Note: Today’s devotional was supposed to have posted Saturday. Internet gremlins kept that from happening. Our next scheduled Bible reading is on Tuesday.
In today’s Bible reading from Hebrews 6, we come across more scary words. The writer warns that if someone were to have been enlightened, tasted the heavenly gift and God’s good word, and shared in the Holy Spirit, and then to fall away, there is no redemption, no repentance to enable them to come back because it would mean
These are very scary words because it means that if it’s possible to lose your salvation, there is no way to get it back!
I remember growing up, never being sure whether or not I would go to heaven or not when I died. Sure, I was a pretty good kid, but with every white lie, every little sin, the thought would cross my mind, “Am I sure that I’m saved?”
Such questions can be healthy. The fact that we ask the question demonstrates spiritual interest. A lost person won’t worry if they’re saved or not because they have no interest; they’re spiritually dead. Spiritually dead people have no spiritual concerns.
Unfortunately, a lot of preachers have told a lot of lost people that since they prayed a
I was saved for almost ten years before I heard that it was possible to know that you’re saved for all eternity; I had never heard, “once saved, always saved.” I grieve for those who have never been told that it’s possible to know that you’re a child of God. And I grieve for those who fear that maybe they’ve committed the “unpardonable sin” (Matthew 12:31)
But the bottom line is, if you are one of God’s kids, you can be absolutely sure that you’re saved. And if you’re one of His kids, know that the security of your eternal destiny is based in your Father’s character. The Holy Spirit has been given as a downpayment for your salvation. (Ephesians 1:14)
For God to take away your salvation,
He would have to forfeit the Holy Spirit!
Getting back to the original point, I think that the emphasis the writer was trying to make was not on those who fall away, but the sufficiency of Jesus’ once-for-all sacrifice. His sacrifice is more than enough to cover our depravity and all the behavior it gives birth to. And as I said a couple of days ago, our salvation has nothing to do with our behavior — neither for getting
If you’re one of God’s kids, don’t have to worry about Do. Do. Do. Do. Don’t do. Don’t do. Don’t even think about doing. Just rest in Jesus’ “Done!”
We come across some hard words in today’s Bible reading from Hebrews 4. It’s a good reminder that not everyone who followed Moses out of Egypt made it to the Promised Land. As a matter of fact, only two did: Joshua and Caleb. Even Moses was denied entrance.
The writer of Hebrews warns believers to be careful to not grow hardhearted and therefore to fall short. He wraps up the chapter with
Therefore, let us approach the throne of grace with boldness, so that we may receive mercy and find grace to help us in time of need. (Hebrews 4:16 CSB)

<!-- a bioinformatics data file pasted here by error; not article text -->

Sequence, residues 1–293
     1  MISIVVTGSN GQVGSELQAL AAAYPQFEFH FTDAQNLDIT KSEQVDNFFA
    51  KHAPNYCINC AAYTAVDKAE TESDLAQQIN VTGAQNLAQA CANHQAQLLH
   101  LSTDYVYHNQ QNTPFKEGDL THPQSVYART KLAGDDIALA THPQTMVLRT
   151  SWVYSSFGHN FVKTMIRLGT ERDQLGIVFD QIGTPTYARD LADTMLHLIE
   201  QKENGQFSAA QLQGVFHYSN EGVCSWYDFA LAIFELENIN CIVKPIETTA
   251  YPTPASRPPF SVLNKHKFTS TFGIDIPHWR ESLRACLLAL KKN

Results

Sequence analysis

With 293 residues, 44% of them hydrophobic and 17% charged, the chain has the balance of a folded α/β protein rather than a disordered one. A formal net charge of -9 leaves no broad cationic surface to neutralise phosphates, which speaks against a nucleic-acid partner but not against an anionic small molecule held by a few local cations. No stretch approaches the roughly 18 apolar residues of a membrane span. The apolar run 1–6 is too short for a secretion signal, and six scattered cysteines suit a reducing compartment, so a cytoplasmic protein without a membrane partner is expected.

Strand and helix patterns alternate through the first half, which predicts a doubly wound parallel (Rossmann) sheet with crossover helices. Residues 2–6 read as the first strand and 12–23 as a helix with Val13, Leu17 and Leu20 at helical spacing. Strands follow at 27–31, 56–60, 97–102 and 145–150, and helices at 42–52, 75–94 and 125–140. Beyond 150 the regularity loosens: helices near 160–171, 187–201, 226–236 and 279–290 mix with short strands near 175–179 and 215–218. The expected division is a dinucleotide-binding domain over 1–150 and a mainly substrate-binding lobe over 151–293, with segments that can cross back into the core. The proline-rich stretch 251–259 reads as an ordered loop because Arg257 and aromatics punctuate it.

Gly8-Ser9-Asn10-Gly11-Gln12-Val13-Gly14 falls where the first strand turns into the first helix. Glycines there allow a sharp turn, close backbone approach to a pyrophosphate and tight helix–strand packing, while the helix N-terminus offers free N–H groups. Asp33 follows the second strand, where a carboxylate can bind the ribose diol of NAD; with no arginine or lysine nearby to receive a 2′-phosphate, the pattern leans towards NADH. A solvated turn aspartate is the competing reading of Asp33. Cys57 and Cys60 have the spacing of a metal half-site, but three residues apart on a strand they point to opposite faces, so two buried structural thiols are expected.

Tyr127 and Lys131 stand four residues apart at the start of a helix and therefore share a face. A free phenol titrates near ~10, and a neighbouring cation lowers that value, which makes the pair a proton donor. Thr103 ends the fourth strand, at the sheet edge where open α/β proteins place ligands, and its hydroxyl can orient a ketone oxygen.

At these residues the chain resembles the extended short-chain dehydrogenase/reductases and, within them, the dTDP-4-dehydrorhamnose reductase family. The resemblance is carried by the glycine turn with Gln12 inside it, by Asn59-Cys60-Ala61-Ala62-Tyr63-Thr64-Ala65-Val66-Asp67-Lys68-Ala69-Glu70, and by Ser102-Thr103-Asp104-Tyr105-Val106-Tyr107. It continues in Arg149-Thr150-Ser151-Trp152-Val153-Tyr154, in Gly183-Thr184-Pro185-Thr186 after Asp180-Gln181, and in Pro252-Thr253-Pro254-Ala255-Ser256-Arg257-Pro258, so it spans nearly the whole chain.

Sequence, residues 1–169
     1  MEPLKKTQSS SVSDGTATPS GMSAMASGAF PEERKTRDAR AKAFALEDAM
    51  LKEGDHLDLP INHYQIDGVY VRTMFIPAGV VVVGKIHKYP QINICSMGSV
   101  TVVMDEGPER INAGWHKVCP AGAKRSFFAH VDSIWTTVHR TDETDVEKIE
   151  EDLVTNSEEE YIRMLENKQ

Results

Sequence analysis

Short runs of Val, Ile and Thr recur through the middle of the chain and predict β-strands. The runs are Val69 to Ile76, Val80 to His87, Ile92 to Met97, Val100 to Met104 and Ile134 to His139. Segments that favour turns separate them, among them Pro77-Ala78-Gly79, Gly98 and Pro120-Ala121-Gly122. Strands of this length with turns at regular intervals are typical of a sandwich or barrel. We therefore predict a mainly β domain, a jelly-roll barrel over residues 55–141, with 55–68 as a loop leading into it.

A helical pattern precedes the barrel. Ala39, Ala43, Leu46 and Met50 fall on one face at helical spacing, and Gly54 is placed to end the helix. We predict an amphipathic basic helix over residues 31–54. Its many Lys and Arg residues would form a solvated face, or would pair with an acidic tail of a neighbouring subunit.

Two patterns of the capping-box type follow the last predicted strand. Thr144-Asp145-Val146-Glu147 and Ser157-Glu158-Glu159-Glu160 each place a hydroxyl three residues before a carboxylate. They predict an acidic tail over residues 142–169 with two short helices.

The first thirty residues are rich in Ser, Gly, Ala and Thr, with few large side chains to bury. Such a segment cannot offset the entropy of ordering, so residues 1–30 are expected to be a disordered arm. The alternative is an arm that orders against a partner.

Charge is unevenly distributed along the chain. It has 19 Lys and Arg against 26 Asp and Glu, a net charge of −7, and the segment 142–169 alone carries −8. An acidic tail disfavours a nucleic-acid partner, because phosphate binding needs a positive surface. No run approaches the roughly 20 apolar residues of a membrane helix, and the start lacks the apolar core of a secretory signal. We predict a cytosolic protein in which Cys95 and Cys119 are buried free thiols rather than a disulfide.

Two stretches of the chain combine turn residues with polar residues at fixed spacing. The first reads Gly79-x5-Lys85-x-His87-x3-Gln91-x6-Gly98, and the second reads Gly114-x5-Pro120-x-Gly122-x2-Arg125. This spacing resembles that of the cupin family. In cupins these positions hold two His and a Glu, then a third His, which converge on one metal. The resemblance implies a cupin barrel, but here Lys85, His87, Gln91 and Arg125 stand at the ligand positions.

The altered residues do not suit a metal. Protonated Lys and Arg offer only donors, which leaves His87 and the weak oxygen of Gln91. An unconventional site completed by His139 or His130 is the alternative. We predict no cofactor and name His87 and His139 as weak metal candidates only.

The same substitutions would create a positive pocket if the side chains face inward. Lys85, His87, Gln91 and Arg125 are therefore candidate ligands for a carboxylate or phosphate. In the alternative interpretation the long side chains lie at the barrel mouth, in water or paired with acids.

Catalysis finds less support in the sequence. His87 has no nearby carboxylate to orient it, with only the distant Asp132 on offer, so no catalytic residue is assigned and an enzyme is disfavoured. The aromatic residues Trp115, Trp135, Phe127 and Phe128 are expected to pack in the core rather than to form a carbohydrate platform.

On one hand, the writer tells us that we can boldly approach God’s throne of grace, yet he says earlier in this chapter (and in the previous chapters) that we need to strive to enter His rest so no one may fall by the same sort of disobedience. (Hebrews 4:11)
So how does that work? On one
Think about it. You probably love your children more than anything in the world. You’d do anything for them and give them anything they need. But where does obedience figure into that? Will you withhold something from a disobedient child? Of
Later, the writer will tell us that the discipline we receive from our Heavenly Father demonstrates that we are His kids. Disciplining our own children demonstrates our love for them. And even when they’re disobedient, we still love them and will do whatever we can for them. Our love is grace or undeserved favor we give them by virtue that they are our children.
All believers have received grace and mercy from our Father. We didn’t do anything to get the favor He has shown to us. And because we didn’t do anything to get it, His continued favor is not dependent on our behavior. However, the more we know our loving Father, the more we will want to return His love and the more we will want to please Him with our obedience to His commands.
If you’re not interested in changing your behavior to obey God’s commands, you might want to check your spiritual state: Are you really one of His kids or not?
All of His children will enter His rest. Those who don’t enter His rest are not His children.
Some of the scariest words in the Bible are,
“Not everyone who says to me, ‘Lord, Lord,’ will enter the kingdom of heaven, but only the one who does the will of my Father in heaven. On that day many will say to me, ‘Lord, Lord, didn’t we prophesy in your name, drive out demons in your name, and do many miracles in your name?’ Then I will announce to them, ‘I never knew you. Depart from me, you lawbreakers!’ (Matthew 7:21–23 CSB)
Jesus points out that behavior doesn’t promise eternal life. Knowledge of Him and knowledge by Him does. (John 17:3) Knowing and being known are the key; they signify a relationship with Him.
And that’s what it’s all about.